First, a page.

I think my 6 month old may have tardive dyskinesia....?
when my son was 6 weeks old he was diagnosed with acid reflux and was prescribed reglan. I continued giving him the medication for 2 and a half to 3 months 3 times a day. I have been concerned about him making sudden movements. Including a cold shiver type chill, and also a chewing type movement with his mouth. I am searching for more information on symptoms, diagnosis, and treatment before talking to a doctor. If anyone has or knows anyone with this disorder, does this sound familiar? Also is they're any sites that could be of help to me??? Thanks so much.
- Anonymous1 decade agoFavorite Answer
Whoa... reglan for GERD? Did they try prevacid/prilosec? ...sure wouldn't think Reglan would be the first choice for a baby. Have you stopped it? If you think your baby has TD, call the doctor tomorrow and get him in. Ask if you should stop the reglan immediately. (and maybe find a new doctor?)
This info is from uptodateonline.co (a resource for medical professionals) Note that Relglan=metoclopramide, and is considered in the family of antipsychotics, although not used for that purpose.
-CLINICAL FEATURES — Manifestations of tardive dyskinesia (TD) can include a variable mixture of orofacial dyskinesia, athetosis, dystonia, chorea, tics, and facial grimacing. The symptoms involve the mouth, tongue, face, trunk, or extremities. Tardive tremor has been rarely described [1,2].
Oral, facial, and lingual dyskinesia are especially conspicuous in elderly patients. These may include:
Protruding and twisting movements of the tongue
Pouting, puckering, or smacking movements of the lips
Retraction of the corners of the mouth
Bulging of the cheeks
Tongue movements are insidious in onset and at first may be limited to subtle back and forth or lateral movements. In other patients, tic-like facial movements or increased blink frequency are initial manifestations.
Dyskinesia of the limbs also occur, such as:
Twisting, spreading, and "piano-playing" finger movements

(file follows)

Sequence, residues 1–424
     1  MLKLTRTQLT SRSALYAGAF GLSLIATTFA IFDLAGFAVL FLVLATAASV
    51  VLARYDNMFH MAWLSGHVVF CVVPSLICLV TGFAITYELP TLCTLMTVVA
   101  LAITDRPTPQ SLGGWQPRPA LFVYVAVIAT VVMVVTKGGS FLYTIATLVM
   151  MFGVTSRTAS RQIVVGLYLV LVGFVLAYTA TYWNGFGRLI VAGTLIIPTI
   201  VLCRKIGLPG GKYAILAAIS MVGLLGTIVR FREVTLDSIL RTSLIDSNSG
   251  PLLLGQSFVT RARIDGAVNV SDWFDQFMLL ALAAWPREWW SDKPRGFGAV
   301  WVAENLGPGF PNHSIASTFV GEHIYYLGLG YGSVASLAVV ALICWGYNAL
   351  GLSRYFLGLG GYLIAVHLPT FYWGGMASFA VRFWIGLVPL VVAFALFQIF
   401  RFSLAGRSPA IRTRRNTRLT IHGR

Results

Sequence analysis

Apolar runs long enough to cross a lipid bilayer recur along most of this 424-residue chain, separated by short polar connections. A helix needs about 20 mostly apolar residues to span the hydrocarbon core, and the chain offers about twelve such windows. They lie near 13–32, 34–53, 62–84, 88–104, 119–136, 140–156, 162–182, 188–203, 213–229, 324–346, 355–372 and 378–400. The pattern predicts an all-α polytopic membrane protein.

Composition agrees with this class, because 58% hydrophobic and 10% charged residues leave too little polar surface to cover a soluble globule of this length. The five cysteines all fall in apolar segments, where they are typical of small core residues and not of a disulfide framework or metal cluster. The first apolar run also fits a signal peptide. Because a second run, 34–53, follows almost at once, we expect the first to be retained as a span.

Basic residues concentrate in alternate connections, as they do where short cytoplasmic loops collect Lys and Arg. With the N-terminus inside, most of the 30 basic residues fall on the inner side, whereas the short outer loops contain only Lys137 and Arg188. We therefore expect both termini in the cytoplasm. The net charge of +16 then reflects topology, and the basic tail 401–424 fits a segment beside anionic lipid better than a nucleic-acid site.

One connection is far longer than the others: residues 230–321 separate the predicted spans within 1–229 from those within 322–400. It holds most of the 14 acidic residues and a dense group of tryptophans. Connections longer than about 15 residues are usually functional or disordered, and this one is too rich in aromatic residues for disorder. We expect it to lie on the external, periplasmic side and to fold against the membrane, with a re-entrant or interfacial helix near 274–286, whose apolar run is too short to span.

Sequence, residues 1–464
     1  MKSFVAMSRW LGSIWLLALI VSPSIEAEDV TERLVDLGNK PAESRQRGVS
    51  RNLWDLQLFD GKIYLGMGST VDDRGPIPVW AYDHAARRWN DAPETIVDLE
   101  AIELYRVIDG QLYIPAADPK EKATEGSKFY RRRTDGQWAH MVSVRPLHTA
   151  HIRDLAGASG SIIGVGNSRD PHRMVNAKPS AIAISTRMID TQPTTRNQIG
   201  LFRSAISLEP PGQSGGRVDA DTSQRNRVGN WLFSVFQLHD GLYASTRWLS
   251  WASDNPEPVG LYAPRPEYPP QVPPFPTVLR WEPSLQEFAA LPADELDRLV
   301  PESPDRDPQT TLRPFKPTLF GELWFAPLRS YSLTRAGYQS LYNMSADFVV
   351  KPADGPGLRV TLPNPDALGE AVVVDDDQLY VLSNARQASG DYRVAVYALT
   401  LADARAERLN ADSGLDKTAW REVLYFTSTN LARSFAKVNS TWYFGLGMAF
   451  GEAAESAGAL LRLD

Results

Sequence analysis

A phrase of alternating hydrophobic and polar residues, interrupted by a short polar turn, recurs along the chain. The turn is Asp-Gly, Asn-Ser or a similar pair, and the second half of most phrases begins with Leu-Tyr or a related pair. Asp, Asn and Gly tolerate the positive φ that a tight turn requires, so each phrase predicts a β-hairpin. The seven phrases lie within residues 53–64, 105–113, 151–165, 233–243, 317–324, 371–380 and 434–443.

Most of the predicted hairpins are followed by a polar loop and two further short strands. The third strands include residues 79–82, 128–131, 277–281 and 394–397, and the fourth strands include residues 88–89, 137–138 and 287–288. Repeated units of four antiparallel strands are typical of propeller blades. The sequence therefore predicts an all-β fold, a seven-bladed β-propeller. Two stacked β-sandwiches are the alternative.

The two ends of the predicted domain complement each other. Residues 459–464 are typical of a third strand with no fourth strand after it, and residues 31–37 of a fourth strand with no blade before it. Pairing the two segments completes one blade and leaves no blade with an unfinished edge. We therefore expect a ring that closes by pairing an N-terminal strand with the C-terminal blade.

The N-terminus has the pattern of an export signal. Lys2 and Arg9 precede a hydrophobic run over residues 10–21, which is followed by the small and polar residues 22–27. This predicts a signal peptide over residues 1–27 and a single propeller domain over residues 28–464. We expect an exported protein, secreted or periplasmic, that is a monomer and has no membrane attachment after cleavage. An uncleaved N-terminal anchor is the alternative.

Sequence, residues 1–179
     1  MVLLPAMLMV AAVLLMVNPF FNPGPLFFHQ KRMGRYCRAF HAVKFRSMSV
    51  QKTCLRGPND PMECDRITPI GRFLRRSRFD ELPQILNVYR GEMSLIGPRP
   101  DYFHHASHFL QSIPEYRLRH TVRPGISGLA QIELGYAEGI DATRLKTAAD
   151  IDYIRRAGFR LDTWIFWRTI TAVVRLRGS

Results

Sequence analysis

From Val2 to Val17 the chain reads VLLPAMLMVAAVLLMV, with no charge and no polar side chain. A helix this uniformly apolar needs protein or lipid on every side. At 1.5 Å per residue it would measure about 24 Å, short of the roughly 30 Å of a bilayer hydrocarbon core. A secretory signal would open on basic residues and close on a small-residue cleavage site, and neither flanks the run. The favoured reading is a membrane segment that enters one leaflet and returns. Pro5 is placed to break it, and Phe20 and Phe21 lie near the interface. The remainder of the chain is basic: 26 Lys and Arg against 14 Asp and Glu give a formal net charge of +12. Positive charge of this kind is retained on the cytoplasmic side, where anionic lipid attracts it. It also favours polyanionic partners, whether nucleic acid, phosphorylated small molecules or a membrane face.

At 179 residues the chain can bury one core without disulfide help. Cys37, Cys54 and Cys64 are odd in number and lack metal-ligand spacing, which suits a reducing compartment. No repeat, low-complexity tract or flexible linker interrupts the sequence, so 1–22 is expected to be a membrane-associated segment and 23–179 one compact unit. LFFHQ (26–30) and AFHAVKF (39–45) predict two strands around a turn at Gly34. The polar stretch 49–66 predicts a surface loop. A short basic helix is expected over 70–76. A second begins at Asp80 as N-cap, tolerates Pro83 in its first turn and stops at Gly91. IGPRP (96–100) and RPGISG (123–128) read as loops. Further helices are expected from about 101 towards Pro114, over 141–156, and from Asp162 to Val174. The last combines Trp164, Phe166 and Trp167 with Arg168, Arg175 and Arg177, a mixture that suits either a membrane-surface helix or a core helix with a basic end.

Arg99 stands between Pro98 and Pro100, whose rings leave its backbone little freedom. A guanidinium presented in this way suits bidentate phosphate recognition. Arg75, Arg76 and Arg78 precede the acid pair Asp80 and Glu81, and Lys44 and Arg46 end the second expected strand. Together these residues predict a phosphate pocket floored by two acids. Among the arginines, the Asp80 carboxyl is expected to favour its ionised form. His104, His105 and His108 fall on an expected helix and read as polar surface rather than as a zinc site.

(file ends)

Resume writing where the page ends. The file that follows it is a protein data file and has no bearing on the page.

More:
Tapping foot movements
Dystonic extensor postures of the toes
Limb involvement is often more severe in younger individuals in whom dystonic postures and ballistic movements may occur.
Dyskinesia of the neck and trunk may include the following:
Rocking and swaying movements
Rotatory or thrusting hip movements
-Clinical course — The onset of TD is insidious and typically occurs while the patient is receiving an antipsychotic drug. TD may appear as early as one to six months following antipsychotic drug exposure. In the initial literature, it was believed that TD occurred only after two or more years of antipsychotic treatment.
It is common for TD to first appear after a reduction in dose, after switching to a less potent antipsychotic drug, or following discontinuation of an antipsychotic drug. This "unmasking" effect is due to the hypokinetic effects of antipsychotic drugs that frequently cause a delay in the recognition of TD. Withdrawal dyskinesia usually resolves within several weeks of antipsychotic drug discontinuation, but is likely to be a precursor of more persistent forms of TD.
Although once considered a persistent or permanent condition, TD is often reversible . In initial studies, remission rates of persistent TD were only 5 to 40 percent, but early identification of TD in younger outpatient populations is associated with remission in 50 to 90 percent of patients. Remission of TD usually occurs within several months after antipsychotic drug withdrawal, but may occur as late as one to three years .
The prognosis of TD in patients who require continued antipsychotic drug treatment is unknown. In most cases, TD either remains unchanged, or is suppressed by the hypokinetic effects of the antipsychotic drug when used at a higher dose [11,12].
-DIAGNOSIS — The diagnosis of TD is based upon the presence of dyskinetic or dystonic involuntary movements, a history of at least one month of antipsychotic drug treatment, and the exclusion of other causes of abnormal movements.
It is important to identify TD as early as possible since, as noted in the preceding section, the potential for remission appears to be related to the duration of symptoms before discontinuation of the antipsychotic drug.
-Treatment: Discontinuation of metoclopramide treatment — Metoclopramide is used primarily as an antiemetic agent and/or as a prokinetic agent for the treatment of gastroparesis. It should be stopped immediately if the diagnosis of TD is made, and alternative treatments of the gastrointestinal symptoms should be used. As a preventive measure, metoclopramide should not be used continuously for longer than 12 weeks.
- Anonymous5 years ago
It's a well known side affect of drugs for some mental illnesses,and not a good one,go right away to your phsician,before it's too late to stop it.